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I recall seeing the word "Ends." placed at the end of documents to indicate that, obviously, nothing else follows. Is this acceptable standard usage? It feels rather archaic (not that that's necessarily a bad thing), although it does serve a purpose. Are there any alternatives?

Example usage can be found here.

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migrated from english.stackexchange.com Jul 14 '11 at 15:09

This question came from our site for linguists, etymologists, and serious English language enthusiasts.

I don't think I've seen this. Do you remember where you saw it - ie. what form of writing it was? – Kate S. Jul 14 '11 at 15:39
Could this be the same as "FIN" that you sometimes used to see at the end of films? – Craig Sefton Jul 14 '11 at 19:01
Context would really help here - screenplays? Tech writing? Newspaper columns? Long-form graffiti? Even if it's a common convention, it's probably a convention only in a very specific context. – Standback Jul 14 '11 at 21:30
@Craig: "Fin" is just the French word for "End". So "Fin" in French -language movies is the same as "The End" in old English-language movies. – Roy Dictus Jul 15 '11 at 12:15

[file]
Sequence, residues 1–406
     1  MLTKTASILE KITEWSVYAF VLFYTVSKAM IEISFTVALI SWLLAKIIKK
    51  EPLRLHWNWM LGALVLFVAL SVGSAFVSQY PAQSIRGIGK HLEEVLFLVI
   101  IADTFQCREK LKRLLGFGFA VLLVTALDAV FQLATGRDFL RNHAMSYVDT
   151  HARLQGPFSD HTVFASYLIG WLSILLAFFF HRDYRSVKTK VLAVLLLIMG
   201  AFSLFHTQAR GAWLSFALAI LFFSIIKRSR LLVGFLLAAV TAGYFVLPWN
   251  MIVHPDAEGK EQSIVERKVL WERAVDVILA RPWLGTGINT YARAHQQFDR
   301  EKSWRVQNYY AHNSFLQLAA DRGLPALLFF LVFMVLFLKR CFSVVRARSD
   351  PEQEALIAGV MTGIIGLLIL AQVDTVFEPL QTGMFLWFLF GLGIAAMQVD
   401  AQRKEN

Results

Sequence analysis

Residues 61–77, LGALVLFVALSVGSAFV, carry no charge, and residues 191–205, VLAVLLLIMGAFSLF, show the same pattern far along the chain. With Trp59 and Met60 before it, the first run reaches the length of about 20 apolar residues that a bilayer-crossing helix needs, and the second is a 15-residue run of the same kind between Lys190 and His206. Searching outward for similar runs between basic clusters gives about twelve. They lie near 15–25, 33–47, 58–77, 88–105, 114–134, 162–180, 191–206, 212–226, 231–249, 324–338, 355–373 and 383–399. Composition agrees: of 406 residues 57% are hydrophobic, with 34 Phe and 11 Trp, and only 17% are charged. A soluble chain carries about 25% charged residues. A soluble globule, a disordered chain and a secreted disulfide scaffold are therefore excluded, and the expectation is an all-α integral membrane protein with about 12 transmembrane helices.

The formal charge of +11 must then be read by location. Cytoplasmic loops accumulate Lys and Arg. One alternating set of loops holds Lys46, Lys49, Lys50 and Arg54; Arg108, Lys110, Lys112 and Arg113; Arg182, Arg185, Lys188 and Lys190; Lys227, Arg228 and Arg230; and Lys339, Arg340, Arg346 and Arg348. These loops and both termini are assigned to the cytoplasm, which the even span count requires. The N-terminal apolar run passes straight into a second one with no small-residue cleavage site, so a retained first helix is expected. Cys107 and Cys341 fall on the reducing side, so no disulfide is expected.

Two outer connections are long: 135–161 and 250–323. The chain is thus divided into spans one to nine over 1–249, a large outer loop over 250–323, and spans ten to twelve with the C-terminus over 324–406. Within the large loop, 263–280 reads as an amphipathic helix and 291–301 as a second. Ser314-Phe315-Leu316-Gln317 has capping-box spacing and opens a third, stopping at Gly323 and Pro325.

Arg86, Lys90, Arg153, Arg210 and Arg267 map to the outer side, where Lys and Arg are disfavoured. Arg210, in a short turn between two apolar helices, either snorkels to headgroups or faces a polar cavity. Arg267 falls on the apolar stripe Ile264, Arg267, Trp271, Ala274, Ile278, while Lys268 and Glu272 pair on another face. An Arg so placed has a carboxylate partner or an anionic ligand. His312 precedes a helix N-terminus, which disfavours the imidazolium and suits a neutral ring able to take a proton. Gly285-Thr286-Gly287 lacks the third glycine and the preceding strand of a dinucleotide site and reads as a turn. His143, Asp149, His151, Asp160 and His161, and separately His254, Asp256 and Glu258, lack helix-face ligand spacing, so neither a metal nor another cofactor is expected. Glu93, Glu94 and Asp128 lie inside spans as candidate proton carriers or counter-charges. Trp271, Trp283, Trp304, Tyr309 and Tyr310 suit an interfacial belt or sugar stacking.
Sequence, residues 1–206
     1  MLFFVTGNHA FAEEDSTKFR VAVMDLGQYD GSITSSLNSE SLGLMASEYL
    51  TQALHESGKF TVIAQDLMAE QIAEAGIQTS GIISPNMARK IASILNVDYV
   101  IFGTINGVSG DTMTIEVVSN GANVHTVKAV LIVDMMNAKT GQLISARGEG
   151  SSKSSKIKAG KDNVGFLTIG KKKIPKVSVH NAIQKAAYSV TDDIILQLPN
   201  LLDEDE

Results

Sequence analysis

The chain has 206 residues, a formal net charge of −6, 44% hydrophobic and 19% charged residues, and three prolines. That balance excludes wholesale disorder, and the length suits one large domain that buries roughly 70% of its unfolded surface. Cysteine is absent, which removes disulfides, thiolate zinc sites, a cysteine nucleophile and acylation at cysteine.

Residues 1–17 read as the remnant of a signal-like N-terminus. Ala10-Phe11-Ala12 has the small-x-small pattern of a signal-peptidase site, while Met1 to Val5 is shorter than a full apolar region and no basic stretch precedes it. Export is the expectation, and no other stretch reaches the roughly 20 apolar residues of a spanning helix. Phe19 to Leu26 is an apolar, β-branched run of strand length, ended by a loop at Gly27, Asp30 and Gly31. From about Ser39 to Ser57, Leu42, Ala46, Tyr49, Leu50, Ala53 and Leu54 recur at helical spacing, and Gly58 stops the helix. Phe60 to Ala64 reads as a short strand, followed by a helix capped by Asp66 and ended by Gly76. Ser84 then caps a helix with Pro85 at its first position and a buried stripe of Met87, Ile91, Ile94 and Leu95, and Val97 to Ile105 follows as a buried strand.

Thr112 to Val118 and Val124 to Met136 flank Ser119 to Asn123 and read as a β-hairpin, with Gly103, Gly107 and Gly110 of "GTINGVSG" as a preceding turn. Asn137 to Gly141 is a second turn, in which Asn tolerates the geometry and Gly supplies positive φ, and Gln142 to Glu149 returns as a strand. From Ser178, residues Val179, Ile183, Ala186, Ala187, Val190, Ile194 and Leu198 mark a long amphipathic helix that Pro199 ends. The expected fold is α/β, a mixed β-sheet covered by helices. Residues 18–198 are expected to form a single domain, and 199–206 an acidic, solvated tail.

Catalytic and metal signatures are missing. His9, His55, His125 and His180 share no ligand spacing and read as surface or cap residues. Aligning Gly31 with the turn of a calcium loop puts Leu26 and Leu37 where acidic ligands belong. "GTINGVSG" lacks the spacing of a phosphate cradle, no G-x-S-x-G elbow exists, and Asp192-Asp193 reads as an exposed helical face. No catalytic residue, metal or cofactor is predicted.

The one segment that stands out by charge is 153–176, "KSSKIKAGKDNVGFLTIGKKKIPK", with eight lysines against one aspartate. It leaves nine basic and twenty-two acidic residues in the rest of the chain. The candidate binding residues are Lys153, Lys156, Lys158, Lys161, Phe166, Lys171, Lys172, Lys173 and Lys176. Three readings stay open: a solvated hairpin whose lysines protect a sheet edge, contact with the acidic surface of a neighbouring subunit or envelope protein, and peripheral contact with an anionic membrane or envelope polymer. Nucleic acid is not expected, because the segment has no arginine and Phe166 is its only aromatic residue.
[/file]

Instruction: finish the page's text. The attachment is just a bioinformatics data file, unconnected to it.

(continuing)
@Roy Yes, I knew what it meant, but I've seen it in English films, too. – Craig Sefton Jul 15 '11 at 13:53
up vote 1 down vote accepted

It is part of the standard way of finishing a press release. Some of these formal documents still use these conventions.

It comes, I think, from the time when press releases came on a teleprinter, and it was important to mark the end, so that it was clear to the recipient that the entire release had been received.

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I've seen two or three hash marks ## or -30- at the end of press releases and news articles.

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"-30-"? Intriguing. What's that for? – Standback Jul 14 '11 at 21:31
@Standback - en.wikipedia.org/wiki/%E2%80%9330%E2%80%93 – Craig Sefton Jul 14 '11 at 21:40
and the three Xs became three hash marks, as above. – Lauren Ipsum Jul 14 '11 at 23:58

It's usually a full square that ends fx a news article. I believe there exist different kinds of text ending marks for different writing cultures, styles and genres. Take a look at these:




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oh, a printer's dingbat. I never thought of that, but you're right. It does indicate the end of a piece, or an article within a larger publication. – Lauren Ipsum Jul 17 '11 at 0:48
And used in many ways - also in fx mathematic proofs or ending scientific examples. – Steeven Jul 24 '11 at 14:52

### and --30-- are/were used as industry-specific conventions to standardize and add quality controls to copy.

fin and various ornamental dingbats are used on the finished product, for the viewers help in recognizing the end of an article, book, section, chapter, film, etc. Again, certain conventions are established for each industry, and of course these evolve with time.

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